Drill a 3/8 inch hole into each spot (4 per frame) and then drill in a self tapping drywall anchor. This will hold the frame extra well into the wall.
Now, drill in your hardware. It comes in two pieces – a tube and a bolt. You will use your screw (not included in the hardware kit) to attach the tube into the wall.
Next, add your photo in between the 2 sheets of acrylic. You might want to use double sided tape or glue dots to hold it straight and in place.
I just created a small 4 frame gallery wall in my upstairs hallway. This wall actually was still unpainted and unfinished, but I just whipped this together over the weekend since I was feeling so inspired by Julia’s post! I really do love the effect of these acrylic frames and think that they are totally unique and a great way to have easily swap-able art.
Anyways, here’s a cost breakdown:
- Sheets acrylic size 11″ x1 4″ – $4.38 each x2 = $8.76
- Screws – had on hand
- Drywall anchors – had on hand
- Pieces of standoff hardware for glass – $6.19 for 10 (I bought 2 10 packs & have 4 left over)
- Photo 8″ x 10″ – printed at home so free
Total for 4 frames = $47.42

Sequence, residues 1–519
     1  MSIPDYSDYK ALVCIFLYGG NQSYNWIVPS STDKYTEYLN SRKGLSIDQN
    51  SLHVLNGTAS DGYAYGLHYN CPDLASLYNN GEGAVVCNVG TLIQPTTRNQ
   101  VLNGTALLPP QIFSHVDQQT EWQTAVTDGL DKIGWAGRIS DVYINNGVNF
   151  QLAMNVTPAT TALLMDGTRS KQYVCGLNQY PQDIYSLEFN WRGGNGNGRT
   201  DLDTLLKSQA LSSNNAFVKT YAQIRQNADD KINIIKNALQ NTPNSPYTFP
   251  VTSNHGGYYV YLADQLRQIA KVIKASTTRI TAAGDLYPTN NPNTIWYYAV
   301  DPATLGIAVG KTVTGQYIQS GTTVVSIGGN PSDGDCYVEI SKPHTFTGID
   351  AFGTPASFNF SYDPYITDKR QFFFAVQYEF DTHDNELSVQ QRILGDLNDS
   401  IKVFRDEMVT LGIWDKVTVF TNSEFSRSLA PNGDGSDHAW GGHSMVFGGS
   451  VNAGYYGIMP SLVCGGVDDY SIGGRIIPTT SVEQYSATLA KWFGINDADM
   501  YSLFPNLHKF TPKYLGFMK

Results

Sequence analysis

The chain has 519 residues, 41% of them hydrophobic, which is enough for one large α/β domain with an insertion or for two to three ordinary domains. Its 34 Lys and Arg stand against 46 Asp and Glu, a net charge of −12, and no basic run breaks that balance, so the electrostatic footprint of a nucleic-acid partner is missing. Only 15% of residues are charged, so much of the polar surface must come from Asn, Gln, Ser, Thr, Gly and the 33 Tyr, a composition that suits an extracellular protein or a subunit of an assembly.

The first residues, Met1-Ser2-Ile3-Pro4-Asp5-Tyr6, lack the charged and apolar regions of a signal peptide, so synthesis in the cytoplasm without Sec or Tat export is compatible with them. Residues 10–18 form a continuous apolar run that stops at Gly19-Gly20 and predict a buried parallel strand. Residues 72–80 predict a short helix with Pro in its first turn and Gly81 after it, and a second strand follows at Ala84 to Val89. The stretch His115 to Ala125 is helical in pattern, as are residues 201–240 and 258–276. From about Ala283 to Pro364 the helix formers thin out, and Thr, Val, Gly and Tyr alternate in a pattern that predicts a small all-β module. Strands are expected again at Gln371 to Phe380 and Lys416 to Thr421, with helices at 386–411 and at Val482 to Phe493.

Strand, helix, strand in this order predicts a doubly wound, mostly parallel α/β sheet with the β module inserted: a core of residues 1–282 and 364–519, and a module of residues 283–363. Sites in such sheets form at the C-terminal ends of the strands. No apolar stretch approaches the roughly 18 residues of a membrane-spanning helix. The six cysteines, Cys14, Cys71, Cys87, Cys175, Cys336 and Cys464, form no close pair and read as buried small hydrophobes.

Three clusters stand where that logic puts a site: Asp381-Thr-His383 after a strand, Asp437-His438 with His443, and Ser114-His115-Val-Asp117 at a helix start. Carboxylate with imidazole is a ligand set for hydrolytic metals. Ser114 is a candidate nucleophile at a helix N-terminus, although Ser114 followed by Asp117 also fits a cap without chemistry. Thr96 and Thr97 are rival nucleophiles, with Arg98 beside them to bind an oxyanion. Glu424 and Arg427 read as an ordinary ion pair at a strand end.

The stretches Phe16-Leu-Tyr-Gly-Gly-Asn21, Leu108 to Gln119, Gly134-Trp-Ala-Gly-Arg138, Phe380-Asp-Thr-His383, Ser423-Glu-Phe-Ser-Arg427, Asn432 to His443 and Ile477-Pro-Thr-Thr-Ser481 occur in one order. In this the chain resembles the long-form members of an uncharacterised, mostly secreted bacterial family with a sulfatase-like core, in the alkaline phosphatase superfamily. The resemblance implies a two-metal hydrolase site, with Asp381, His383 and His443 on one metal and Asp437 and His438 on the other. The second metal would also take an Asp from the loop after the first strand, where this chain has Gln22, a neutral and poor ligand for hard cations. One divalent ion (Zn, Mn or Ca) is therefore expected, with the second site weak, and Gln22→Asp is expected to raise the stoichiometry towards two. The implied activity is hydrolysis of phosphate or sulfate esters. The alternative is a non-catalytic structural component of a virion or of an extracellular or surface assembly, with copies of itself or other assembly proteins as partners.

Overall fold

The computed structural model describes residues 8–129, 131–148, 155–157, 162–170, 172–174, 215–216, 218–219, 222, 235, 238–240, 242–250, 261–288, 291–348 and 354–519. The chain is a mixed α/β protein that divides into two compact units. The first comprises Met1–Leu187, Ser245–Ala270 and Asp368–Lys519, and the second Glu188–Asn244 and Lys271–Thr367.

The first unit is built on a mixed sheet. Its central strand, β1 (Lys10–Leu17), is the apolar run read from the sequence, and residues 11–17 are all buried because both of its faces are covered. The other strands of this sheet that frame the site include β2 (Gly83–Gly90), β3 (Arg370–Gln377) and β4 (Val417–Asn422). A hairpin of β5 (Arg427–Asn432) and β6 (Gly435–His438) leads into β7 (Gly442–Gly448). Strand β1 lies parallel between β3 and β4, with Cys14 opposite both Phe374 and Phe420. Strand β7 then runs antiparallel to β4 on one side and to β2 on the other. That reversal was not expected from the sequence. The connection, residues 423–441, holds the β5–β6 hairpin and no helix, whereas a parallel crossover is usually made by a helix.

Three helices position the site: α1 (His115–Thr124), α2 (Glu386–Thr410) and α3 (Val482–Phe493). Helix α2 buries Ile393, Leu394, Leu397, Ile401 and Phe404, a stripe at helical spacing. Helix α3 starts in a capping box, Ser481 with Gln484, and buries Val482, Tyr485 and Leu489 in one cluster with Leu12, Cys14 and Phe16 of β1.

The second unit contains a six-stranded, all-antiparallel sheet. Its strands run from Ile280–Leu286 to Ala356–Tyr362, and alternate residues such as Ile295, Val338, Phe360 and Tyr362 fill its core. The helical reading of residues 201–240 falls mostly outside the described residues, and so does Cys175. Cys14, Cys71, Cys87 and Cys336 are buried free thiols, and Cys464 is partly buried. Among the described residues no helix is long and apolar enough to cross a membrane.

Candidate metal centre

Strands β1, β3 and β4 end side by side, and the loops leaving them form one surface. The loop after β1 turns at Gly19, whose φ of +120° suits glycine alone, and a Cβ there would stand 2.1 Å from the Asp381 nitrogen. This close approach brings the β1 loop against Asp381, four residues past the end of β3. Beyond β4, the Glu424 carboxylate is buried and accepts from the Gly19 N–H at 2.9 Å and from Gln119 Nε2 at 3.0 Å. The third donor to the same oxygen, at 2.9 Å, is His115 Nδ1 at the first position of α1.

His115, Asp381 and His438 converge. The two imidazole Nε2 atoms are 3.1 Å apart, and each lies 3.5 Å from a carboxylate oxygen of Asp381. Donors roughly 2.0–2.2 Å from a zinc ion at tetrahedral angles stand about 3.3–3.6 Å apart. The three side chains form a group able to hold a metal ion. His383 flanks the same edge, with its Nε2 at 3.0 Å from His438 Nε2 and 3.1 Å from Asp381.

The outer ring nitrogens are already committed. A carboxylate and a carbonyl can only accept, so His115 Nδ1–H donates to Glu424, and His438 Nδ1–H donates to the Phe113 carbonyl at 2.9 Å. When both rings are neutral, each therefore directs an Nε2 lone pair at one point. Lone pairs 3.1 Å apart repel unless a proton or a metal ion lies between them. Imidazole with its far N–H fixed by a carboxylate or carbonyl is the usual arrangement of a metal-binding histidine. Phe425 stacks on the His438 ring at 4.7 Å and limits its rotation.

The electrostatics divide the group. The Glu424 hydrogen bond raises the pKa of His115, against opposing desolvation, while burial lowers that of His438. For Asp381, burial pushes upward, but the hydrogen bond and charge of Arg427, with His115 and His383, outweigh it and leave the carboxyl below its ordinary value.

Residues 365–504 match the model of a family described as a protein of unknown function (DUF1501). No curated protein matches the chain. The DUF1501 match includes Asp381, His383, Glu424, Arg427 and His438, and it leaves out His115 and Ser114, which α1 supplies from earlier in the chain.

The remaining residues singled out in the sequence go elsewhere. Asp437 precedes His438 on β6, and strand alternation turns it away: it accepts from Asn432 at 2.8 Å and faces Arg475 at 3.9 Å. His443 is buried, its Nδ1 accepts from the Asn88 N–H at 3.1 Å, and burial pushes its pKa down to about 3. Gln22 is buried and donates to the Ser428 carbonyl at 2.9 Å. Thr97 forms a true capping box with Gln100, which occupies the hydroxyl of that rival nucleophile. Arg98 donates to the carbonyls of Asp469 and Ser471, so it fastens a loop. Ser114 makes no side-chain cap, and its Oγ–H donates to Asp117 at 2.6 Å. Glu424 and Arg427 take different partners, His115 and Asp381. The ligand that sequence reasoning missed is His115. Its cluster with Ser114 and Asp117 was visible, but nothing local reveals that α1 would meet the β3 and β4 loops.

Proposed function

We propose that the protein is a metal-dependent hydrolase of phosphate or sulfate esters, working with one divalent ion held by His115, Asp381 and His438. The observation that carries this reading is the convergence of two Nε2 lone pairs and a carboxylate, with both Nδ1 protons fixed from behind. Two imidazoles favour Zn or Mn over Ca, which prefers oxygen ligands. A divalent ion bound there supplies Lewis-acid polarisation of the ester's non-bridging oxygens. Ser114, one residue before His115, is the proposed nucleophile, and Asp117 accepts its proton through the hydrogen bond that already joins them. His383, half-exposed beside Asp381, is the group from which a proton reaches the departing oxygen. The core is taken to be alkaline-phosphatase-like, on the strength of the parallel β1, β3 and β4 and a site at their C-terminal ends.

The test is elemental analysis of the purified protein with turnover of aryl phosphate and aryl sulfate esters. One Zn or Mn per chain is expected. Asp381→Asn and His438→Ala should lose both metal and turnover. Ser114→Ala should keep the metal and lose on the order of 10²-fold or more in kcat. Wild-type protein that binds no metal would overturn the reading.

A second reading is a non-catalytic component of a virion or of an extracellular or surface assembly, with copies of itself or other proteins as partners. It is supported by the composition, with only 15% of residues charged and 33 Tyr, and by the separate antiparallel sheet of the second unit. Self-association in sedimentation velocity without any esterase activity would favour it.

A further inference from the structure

Cost per frame = $11.85
To be fair, the $88 frames that Julia used were larger than mine, but would have been way too big for my space. But, the magic in these acrylic sheets is that you can have them cut to any size!
The most annoying part of this project was definitely drilling the holes in the plastic – there was a definite learning curve to it. If you don’t want to mess with that, then I definitely see the benefit in paying for finished frames. However, if you aren’t afraid of a bit of a challenge, definitely give this DIY knock off hack a try!
Side note – if you love the look of this project, check out our DIY wood grain painting that we mounted in a similar way, just with basic nuts and bolts from the hardware store instead of specialty hardware!
So tell me, what have you been DIY hacking lately?!
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Sunday 18th of November 2018
Thank you! I have been wanting to do this forever but now you have the perfect diy for me! My only question is where you bought your standoffs and what size are they? I went looking at amazon and there are so many sizes available- thank you again!
Sunday 18th of November 2018
Hi I am glad this tutorial helped you! we used these: https://amzn.to/2Dv26mX 30mm size
All Things Big and Small
Wednesday 14th of June 2017
This looks so great! I have wanted to do this with a big print we have and now I have the courage to do it! Love it!
Wednesday 14th of June 2017
Your frames look amazing! And I have to say that sometimes I just rather buy than DIY! My sanity is sometimes worth the extra cost!
Friday 9th of June 2017
Cool and modern frames for less than $12 each. Can't beat it!
Wednesday 7th of June 2017
Ummm sooo seriously, the comments on that other blog post you linked to are a bit rough! I have to admit, I do like that you fully DIYed her project, though. This came out so well, and I'd love something like this that you can change whenever you feel like it!
Meg, Borrowed Heaven